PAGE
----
"The team will provide specialist care for women who have experienced severe mental illness such as schizophrenia or psychosis while pregnant or after birth, responding quickly if they become ill and helping to minimise risks to both the mother and baby. They might do this, for example, by giving medication advice, offering psychological support and providing lifestyle advice. They will also be able to offer expert advice on the risks and benefits of treatment options."

Dawn Morrall, Assistant Director of Midwifery at Gloucestershire Hospitals NHS Foundation Trust, said:

"We are recruiting a perinatal mental health specialist midwife to be part of this team to work to ensure that women have a comprehensive plan to support their mental health during pregnancy and after the birth of the baby.

"The team will work closely with Improving Access to Psychological Therapy services (IAPT), maternity services, health visitors, GPs and community organisations which can provide advice and care for women."

Kathy Williams, cabinet member for long-term care at Gloucestershire County Council said:

"Pregnant women and new mums need their mental health to be as well cared for as their physical health. This is an important part of making sure that, right across health and social care, mental health issues are treated as seriously as physical health ones. This funding will help ensure mothers get the support they need at this critical time."

Janet Mills, General Manager for Children and Young People's Services at Gloucestershire Care Services NHS Trust, said:

"We recognise that one in six women is affected by mental health issues and stress during pregnancy or after birth. These women need specialist care and support and this new team will help us to provide that, making sure that people get the care they need when they need it."

This development supports a number of key themes within Gloucestershire's Sustainability and Transformation Plan (STP), including improving mental health support, placing greater emphasis on preventing ill health, helping people to be healthy and well at home and enhancing community based services and support.

To read more about the STP and find out about how you can get involved, visit the STP website at: www.gloucestershireSTP.net   

5 December 2016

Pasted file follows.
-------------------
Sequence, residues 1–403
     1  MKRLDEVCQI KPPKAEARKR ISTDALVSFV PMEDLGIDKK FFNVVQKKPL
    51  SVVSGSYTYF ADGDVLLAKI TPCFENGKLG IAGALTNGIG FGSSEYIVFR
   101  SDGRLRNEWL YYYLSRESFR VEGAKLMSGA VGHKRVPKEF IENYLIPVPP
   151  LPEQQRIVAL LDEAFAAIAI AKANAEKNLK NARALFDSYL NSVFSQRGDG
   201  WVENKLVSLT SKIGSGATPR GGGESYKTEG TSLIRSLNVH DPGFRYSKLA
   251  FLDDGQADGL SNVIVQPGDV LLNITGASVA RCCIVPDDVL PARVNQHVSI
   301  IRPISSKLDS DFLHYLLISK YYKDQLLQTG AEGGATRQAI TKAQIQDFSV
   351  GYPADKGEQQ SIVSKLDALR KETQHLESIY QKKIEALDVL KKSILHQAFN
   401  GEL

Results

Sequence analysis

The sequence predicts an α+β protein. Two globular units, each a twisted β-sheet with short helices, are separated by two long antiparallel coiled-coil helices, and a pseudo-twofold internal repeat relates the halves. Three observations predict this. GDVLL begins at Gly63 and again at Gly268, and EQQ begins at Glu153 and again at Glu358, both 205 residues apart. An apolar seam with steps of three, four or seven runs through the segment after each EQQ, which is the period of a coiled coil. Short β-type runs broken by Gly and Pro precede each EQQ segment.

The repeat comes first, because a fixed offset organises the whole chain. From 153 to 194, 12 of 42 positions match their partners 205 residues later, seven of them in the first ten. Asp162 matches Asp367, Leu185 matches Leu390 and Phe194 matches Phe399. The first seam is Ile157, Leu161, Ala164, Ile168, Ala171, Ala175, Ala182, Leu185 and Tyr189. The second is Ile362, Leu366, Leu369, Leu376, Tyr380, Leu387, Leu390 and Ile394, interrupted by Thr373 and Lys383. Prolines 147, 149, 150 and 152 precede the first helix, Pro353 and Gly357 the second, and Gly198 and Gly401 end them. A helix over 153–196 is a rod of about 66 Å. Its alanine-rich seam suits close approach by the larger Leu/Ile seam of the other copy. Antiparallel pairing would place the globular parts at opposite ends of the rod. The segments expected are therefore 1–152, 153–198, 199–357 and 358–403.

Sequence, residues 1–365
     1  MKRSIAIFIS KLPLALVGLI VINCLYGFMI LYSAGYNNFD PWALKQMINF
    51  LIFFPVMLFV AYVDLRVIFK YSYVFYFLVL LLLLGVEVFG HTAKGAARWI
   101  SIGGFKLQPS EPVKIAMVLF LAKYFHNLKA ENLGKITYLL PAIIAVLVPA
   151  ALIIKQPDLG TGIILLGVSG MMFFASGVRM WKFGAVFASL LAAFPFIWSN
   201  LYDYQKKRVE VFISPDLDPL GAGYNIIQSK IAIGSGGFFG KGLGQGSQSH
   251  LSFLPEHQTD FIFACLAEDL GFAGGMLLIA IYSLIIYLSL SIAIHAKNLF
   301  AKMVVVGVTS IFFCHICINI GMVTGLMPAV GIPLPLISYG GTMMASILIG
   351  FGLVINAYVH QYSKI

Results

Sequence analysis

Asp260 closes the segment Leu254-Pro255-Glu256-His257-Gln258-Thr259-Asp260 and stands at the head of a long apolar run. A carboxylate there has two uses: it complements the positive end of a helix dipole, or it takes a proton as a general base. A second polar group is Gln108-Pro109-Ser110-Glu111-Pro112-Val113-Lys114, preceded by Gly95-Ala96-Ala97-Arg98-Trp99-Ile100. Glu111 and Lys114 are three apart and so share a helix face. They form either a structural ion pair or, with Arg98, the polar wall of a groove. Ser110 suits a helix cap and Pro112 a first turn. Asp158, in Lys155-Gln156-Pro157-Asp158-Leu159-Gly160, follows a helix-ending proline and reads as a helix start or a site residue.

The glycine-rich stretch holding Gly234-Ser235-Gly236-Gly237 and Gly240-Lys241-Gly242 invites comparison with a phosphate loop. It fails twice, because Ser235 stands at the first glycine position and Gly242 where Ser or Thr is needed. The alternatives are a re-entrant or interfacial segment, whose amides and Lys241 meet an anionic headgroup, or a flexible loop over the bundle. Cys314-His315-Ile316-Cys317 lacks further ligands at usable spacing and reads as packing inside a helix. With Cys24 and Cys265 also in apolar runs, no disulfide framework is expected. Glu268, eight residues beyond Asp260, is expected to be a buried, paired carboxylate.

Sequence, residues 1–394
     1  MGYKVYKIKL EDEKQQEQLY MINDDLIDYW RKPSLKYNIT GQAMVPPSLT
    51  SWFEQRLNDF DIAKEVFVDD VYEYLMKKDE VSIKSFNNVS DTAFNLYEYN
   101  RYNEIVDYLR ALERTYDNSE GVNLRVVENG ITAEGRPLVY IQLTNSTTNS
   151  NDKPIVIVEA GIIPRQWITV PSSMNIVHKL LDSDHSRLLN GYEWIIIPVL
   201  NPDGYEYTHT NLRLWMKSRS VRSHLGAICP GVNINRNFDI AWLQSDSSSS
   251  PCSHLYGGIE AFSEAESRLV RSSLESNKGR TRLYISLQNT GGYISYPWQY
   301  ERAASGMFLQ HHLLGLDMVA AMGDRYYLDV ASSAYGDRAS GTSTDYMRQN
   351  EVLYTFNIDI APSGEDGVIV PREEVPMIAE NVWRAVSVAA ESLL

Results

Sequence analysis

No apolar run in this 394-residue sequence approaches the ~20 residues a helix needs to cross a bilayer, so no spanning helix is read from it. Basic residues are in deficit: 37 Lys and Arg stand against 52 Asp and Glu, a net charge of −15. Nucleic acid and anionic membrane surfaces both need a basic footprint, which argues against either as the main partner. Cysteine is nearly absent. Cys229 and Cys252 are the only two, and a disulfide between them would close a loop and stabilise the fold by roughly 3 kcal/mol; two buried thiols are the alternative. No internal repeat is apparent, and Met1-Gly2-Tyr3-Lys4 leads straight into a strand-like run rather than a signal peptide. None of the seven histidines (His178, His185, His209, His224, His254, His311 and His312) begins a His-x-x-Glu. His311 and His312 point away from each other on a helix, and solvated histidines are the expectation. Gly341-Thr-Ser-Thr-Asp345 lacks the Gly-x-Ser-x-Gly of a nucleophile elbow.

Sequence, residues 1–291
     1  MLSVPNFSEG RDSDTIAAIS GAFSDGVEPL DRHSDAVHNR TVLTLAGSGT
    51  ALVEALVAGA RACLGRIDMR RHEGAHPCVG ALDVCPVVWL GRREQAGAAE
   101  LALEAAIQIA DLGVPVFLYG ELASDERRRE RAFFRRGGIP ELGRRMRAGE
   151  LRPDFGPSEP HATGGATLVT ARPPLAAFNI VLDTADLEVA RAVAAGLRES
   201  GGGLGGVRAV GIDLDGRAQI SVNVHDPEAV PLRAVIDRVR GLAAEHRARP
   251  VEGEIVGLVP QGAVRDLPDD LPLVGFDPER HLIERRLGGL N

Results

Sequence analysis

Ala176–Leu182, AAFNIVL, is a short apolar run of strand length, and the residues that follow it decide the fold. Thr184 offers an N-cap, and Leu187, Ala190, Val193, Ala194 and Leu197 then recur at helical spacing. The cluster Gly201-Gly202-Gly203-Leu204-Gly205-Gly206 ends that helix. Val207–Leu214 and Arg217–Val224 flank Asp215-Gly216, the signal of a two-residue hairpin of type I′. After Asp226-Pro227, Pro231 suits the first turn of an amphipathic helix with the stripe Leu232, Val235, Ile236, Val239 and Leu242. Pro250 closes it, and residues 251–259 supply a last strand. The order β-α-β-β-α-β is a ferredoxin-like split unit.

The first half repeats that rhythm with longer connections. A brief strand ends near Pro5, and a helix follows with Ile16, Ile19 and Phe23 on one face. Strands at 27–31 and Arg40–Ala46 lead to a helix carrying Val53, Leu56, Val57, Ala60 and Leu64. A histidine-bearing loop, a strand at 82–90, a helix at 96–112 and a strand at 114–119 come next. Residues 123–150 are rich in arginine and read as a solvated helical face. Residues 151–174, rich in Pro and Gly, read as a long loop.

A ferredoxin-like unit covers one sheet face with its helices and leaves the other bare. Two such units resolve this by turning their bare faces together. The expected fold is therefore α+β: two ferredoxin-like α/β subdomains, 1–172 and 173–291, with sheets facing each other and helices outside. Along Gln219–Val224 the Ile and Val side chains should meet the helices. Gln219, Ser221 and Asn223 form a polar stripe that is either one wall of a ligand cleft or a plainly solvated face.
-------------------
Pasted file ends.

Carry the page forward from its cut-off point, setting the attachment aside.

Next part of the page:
- Gloucestershire named as one of 24 sites delivering training for new ‘nursing associates’

- Role aims to transform nursing and care workforce across England

- 32 nursing associates to be trained by the University of Gloucestershire, in collaboration with local NHS Trusts and led by NHS Gloucestershire Clinical Commissioning Group

Gloucestershire has been named as one of the new sites to deliver training for an important new NHS nursing role.

Health Education England (HEE), the body that coordinates the country’s clinical training, has announced that Gloucestershire was one of 24 sites that will deliver the second wave of training for the new ‘Nursing Associate’ role, a new healthcare position that sits alongside existing nursing care support workers and fully-qualified registered nurses to deliver hands-on care for patients. 

Led by Gloucestershire Clinical Commissioning Group, The University of Gloucestershire will spearhead training in the new roles, in collaboration with Gloucestershire County Council and local NHS Trusts 2gether, Gloucestershire Hospitals NHS Foundation Trust and Gloucestershire Care Services NHS Trust.

Nursing Associates in training will also have the opportunity to work with other partners Millbrook Lodge - the Order of St John Care Trust, Sue Ryder, Leckhampton Court Hospice and the South West Ambulance Service Trust, who represent a variety of places where they might provide care for patients.

Training for 32 nursing associates will start in 2017, with the initiative aiming to create over 1,000 new nursing associates nationally.

The Department for Health, the Nursing and Midwifery Council, and the Royal College of Nursing are predicting a national shortage of registered nurses of almost 50,000 this year. Gloucestershire has been experiencing its own nursing shortages - it is estimated that the county needs around 450 new nurses a year which poses significant challenges for NHS Trusts serving Gloucestershire and for the nursing profession generally.

Susan Field, Director of Nursing at Gloucestershire Care Services NHS Trust said: